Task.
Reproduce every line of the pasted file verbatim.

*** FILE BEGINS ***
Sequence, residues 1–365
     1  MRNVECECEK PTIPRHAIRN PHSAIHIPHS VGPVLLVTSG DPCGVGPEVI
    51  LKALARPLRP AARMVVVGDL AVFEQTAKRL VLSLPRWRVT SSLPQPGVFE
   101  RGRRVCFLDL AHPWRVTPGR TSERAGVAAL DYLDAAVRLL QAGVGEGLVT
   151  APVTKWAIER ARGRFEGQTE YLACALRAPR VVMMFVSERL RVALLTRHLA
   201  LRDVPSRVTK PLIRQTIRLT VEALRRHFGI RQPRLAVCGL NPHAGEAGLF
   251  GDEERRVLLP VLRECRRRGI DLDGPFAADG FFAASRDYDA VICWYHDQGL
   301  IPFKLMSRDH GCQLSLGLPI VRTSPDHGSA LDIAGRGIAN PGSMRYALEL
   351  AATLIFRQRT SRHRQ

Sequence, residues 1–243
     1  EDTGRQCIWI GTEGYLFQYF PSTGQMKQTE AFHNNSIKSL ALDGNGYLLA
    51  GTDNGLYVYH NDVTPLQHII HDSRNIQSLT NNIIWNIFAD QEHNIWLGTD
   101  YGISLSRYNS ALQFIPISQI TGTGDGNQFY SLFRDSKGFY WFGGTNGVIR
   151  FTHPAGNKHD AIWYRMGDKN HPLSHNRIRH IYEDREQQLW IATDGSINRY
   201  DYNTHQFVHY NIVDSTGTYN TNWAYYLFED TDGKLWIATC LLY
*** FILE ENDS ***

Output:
Sequence, residues 1–365
     1  MRNVECECEK PTIPRHAIRN PHSAIHIPHS VGPVLLVTSG DPCGVGPEVI
    51  LKALARPLRP AARMVVVGDL AVFEQTAKRL VLSLPRWRVT SSLPQPGVFE
   101  RGRRVCFLDL AHPWRVTPGR TSERAGVAAL DYLDAAVRLL QAGVGEGLVT
   151  APVTKWAIER ARGRFEGQTE YLACALRAPR VVMMFVSERL RVALLTRHLA
   201  LRDVPSRVTK PLIRQTIRLT VEALRRHFGI RQPRLAVCGL NPHAGEAGLF
   251  GDEERRVLLP VLRECRRRGI DLDGPFAADG FFAASRDYDA VICWYHDQGL
   301  IPFKLMSRDH GCQLSLGLPI VRTSPDHGSA LDIAGRGIAN PGSMRYALEL
   351  AATLIFRQRT SRHRQ

Sequence, residues 1–243
     1  EDTGRQCIWI GTEGYLFQYF PSTGQMKQTE AFHNNSIKSL ALDGNGYLLA
    51  GTDNGLYVYH NDVTPLQHII HDSRNIQSLT NNIIWNIFAD QEHNIWLGTD
   101  YGISLSRYNS ALQFIPISQI TGTGDGNQFY SLFRDSKGFY WFGGTNGVIR
   151  FTHPAGNKHD AIWYRMGDKN HPLSHNRIRH IYEDREQQLW IATDGSINRY
   201  DYNTHQFVHY NIVDSTGTYN TNWAYYLFED TDGKLWIATC LLY